Risks posed by road incidents involving animals revealed in new research
More than half (51%) of all drivers have hit or had a near-miss with animals on the road, equating to some 16 million drivers.
The research, commissioned by GoCompare Car Insurance, also revealed that more than two-thirds (68%) admit they wouldn’t know what to do if they hit a larger animal, such as a deer or a badger, while driving.
According to the analysis, the animals most likely to be involved in an incident with a car are:
- Bird e.g. pigeon (27%)
- Cat (23%)
- Large game bird e.g. pheasant (20%)
- Deer (18%)
- Dog (17%)
- Rabbit (17%)
While the animal running out into the road was the biggest reason for the incident (66%), driving at night was blamed by 22% of drivers. Driving too fast or being distracted contributed to 8% of the incidents.
The data also showed that animal-related accidents can happen at any time of day with broad daylight (32%) being the most common of the driving conditions, followed by evening/dusk (29%).
The research revealed impact that hitting an animal or having a near-miss can have on the driver and the car. When asked how they felt after hitting or nearly hitting an animal, only 16% of the drivers involved said they weren’t affected by the incident at all.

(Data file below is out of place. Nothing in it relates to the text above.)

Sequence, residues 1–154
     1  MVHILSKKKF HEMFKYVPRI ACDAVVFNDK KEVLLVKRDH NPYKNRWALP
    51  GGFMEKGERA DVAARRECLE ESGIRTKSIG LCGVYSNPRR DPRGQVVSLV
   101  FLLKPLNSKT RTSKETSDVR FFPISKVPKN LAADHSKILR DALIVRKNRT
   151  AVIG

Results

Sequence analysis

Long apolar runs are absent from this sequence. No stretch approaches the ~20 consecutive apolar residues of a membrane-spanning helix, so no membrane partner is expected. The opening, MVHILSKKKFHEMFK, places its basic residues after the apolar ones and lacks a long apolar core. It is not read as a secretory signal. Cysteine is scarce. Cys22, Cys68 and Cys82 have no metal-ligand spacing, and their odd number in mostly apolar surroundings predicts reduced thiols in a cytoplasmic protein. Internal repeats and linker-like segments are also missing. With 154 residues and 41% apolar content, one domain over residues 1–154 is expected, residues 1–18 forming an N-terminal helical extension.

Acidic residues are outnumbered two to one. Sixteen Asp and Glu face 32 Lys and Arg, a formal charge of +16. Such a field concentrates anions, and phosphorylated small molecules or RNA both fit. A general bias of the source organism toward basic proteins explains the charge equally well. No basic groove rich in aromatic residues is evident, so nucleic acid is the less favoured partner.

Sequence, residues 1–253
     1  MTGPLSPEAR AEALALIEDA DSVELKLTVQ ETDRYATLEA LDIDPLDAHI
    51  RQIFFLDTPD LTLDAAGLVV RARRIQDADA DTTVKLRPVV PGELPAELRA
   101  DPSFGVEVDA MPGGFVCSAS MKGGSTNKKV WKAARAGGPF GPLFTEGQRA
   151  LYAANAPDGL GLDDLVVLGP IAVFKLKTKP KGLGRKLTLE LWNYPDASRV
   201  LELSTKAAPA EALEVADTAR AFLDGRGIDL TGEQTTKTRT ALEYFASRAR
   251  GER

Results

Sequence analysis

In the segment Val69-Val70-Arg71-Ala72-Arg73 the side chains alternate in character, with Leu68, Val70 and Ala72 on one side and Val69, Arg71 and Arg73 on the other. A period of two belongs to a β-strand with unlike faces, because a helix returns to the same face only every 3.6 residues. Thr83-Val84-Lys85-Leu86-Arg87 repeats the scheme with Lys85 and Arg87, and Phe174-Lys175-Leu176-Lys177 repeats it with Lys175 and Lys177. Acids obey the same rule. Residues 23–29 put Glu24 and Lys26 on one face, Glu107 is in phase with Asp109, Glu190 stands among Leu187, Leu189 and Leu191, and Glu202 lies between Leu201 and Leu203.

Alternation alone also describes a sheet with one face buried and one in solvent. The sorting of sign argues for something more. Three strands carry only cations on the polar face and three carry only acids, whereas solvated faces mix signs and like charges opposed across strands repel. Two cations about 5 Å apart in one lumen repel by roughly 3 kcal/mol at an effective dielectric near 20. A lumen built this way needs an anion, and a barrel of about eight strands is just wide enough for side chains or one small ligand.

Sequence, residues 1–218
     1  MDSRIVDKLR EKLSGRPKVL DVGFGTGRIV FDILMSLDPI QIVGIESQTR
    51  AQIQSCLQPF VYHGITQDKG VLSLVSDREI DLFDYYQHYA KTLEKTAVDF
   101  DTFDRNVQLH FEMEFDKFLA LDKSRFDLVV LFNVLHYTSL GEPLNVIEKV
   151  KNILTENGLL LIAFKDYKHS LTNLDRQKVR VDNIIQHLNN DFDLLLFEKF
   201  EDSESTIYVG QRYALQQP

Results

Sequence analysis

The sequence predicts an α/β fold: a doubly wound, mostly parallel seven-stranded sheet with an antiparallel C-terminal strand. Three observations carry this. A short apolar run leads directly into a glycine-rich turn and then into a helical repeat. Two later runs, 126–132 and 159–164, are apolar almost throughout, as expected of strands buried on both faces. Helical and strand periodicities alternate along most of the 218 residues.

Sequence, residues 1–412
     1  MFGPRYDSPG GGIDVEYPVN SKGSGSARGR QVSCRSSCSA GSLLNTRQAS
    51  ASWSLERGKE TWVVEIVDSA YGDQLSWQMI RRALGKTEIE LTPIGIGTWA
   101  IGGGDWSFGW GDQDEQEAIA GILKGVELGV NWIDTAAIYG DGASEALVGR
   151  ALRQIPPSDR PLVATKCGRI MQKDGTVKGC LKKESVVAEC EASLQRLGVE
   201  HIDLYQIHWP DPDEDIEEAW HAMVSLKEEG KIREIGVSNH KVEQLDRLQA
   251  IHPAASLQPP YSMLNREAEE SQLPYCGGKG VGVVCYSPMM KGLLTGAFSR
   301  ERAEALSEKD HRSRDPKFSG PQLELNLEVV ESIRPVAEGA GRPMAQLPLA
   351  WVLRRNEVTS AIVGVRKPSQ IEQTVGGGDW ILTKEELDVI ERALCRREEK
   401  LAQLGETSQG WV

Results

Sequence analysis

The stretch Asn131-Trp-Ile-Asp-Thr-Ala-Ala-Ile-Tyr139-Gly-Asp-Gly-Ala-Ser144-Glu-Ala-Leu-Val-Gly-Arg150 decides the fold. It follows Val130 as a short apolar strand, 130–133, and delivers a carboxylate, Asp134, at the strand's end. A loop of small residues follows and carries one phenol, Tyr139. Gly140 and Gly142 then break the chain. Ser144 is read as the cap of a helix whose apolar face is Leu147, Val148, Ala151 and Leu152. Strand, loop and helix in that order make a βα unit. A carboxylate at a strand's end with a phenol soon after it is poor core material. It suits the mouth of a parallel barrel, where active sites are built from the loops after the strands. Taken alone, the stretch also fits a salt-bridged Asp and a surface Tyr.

In terms of vehicle damage, 18% of drivers who hit an animal sustained damage to their vehicle, with 10% resulting in an insurance claim.
Lee Griffin, founder and CEO of GoCompare, commented: “Animals are unpredictable and as a result, these incidents are unexpected but are increasingly common, as we all spend more time in our cars.”
His comments follow AA Insurance research last year that showed the number of ‘hit wild animal’ claims had risen by 15% over a three-year period, with an average damage claim value of £2,300 and the possibility of write-offs in the case of hitting larger animals such as deer.
Griffin added: “The reality is that we all need to be more aware of the likelihood of meeting an animal of some kind on the road. Being mindful of our speed and the distractions around us will help reduce the risk of a serious accident if the worst does happen.”
It’s also worth noting that by law, you are required to tell the police if you’ve hit a dog, horse, cattle, sheep, pig or goat, although if you hit any animal, it’s best to report it to the police, particularly if it could be a pet, so that the owner can be informed.
The new sign has been developed for use in areas where accident rates are highest; according to the DfT 629 people were injured in accidents involving an animal in the road (excluding horses) in 2017 while four people were killed. It will also tackle the decline in wildlife numbers, in particular for hedgehogs whose population in rural areas has halved since 2000.